education was on assimilation.
• Language has been a major controversial
  issue in the education of Hispanic
  Americans.
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Education of Asian Americans
• Asian Americans experienced
  discrimination, both in schools and society
  at large.
• Asian Americans are a diverse group of
  students from many different countries and
  cultures.
• In general, Asian American students do well
  in school, excelling in achievement.
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The Modern Era: Schools as Instruments
for National Purpose and Social Change
• The Cold War with the Soviet Union during the
  1950s and 1960s focused federal educational
  efforts on math and science.
• President Lyndon B. Johnson’s War on Poverty
  attempted to use schools to eliminate the
  pervasive poverty in the U.S.
• Compensatory education programs like Title I
  and Head Start attempted to provide enriched
  experiences to the children of poverty.
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The Federal Government’s Role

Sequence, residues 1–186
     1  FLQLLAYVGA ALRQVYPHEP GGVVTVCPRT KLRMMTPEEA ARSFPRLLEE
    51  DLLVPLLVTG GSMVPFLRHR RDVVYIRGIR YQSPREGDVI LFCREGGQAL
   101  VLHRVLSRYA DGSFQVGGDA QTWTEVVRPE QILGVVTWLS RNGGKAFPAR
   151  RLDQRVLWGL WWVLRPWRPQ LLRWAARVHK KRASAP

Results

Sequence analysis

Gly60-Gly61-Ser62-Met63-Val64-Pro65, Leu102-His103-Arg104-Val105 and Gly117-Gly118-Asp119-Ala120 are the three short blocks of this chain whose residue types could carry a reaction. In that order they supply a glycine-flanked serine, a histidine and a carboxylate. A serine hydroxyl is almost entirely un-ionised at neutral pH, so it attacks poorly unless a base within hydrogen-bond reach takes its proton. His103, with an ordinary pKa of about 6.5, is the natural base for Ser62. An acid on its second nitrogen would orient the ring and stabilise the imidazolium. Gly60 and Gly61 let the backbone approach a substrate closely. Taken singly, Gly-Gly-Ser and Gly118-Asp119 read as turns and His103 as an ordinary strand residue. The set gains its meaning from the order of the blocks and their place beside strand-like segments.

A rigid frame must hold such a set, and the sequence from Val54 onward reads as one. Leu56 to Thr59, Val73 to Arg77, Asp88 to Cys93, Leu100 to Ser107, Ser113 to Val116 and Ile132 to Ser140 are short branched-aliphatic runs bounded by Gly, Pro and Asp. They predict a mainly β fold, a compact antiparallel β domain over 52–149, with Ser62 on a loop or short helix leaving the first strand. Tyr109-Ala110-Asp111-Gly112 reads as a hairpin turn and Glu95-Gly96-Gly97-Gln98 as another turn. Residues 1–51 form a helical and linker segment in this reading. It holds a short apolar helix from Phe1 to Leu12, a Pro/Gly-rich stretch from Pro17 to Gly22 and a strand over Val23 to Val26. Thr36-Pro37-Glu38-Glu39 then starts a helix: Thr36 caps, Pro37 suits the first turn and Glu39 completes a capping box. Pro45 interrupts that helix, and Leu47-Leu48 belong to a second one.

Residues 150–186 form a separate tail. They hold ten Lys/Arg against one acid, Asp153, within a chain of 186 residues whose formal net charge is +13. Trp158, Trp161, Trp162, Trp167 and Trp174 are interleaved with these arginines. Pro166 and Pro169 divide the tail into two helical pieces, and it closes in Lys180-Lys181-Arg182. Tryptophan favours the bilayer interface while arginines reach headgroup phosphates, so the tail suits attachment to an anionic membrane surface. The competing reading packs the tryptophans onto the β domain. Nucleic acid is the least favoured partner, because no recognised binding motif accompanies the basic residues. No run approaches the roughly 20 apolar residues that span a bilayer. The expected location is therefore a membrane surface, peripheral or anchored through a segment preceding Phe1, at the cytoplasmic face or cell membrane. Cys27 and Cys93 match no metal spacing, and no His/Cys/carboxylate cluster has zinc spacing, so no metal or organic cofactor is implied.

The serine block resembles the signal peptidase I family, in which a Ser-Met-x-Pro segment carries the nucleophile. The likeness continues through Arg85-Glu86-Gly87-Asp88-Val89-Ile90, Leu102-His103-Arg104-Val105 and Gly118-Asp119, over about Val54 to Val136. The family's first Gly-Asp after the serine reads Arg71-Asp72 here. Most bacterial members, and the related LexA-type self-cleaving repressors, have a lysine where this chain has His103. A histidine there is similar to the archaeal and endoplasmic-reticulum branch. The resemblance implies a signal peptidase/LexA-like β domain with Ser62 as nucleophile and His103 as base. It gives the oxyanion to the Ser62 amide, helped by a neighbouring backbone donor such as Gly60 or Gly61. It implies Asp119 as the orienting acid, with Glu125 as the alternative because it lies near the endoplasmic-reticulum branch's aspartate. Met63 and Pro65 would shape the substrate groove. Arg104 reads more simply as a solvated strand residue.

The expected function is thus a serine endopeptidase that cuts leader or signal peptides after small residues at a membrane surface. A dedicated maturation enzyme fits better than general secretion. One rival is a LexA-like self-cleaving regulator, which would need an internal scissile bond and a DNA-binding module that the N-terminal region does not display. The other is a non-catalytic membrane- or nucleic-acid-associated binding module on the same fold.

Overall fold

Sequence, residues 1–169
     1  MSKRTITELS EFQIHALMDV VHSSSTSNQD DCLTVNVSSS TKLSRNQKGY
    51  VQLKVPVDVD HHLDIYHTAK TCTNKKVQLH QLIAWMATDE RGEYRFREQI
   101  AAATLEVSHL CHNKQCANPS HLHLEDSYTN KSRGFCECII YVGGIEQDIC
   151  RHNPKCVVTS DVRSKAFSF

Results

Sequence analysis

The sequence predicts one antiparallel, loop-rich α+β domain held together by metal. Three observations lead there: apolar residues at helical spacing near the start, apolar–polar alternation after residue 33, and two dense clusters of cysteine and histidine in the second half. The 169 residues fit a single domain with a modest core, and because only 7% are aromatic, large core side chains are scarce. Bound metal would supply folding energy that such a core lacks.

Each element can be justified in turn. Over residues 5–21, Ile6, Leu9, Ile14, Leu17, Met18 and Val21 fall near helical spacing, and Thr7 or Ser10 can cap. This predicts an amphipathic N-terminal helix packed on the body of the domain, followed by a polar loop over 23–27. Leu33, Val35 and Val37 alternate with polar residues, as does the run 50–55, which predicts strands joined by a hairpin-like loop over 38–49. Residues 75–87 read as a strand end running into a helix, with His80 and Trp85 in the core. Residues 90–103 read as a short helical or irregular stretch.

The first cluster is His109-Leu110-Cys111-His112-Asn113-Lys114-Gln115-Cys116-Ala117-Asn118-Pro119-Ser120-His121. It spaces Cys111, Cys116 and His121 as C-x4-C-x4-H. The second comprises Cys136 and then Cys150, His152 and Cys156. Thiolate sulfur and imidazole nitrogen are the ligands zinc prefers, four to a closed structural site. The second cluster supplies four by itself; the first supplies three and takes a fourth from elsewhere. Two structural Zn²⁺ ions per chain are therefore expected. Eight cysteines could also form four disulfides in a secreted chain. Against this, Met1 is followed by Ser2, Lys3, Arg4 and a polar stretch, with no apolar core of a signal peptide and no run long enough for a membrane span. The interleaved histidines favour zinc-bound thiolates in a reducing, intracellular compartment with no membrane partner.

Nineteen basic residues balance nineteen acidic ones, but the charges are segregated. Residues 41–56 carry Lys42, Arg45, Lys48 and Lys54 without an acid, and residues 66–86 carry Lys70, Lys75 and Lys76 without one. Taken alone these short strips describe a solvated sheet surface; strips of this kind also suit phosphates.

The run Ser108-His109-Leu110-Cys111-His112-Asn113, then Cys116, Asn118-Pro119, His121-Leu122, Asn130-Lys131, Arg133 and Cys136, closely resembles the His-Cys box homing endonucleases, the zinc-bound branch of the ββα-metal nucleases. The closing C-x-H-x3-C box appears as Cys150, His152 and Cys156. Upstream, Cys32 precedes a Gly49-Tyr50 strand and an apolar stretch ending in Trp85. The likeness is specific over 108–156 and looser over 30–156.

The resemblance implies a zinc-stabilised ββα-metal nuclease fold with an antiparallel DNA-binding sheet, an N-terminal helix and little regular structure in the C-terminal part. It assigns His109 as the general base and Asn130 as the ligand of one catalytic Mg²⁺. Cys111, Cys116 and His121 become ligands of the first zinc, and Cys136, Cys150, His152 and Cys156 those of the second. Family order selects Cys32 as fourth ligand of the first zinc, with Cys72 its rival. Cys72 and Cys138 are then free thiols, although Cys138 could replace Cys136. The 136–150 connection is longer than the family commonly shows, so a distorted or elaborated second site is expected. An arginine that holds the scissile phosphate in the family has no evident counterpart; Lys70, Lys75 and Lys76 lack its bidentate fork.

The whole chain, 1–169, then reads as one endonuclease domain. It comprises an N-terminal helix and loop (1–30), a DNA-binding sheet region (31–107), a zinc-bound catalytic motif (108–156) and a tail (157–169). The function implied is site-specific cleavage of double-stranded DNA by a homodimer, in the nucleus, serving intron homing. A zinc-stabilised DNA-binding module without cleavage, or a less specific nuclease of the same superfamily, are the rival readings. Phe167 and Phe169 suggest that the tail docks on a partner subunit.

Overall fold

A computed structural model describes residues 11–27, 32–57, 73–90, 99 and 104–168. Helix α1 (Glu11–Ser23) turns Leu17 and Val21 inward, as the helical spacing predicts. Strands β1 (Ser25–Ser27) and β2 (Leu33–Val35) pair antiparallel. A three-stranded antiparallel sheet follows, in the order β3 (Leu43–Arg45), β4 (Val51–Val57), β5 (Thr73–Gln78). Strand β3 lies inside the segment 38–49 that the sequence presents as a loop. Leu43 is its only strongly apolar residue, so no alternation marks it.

in Pursuing Equality
• The Civil Rights movement, culminating in the
  Civil Rights Act of 1964, attempted to eliminate
  discrimination based on race, color, or national
  origin.
• Title IX, passed in 1972, attempted to eliminate
  gender bias in schools.
• Segregation, especially in large urban districts,
  continues to be a persistent problem.
• Magnet schools are designed to attract and
  integrate students from diverse social and          17
  cultural backgrounds.
Federal Government Reform
• Federal attempts to reform schools:
   • Setting standards
   • Creating testing programs
   • Offering (or withholding) financial incentives
• Major issues with federal reform efforts:
   • Federal versus state and local control of educational
     standards
   • State versus federal control of testing programs
   • Incentive programs that increase the influence of the
     federal government on education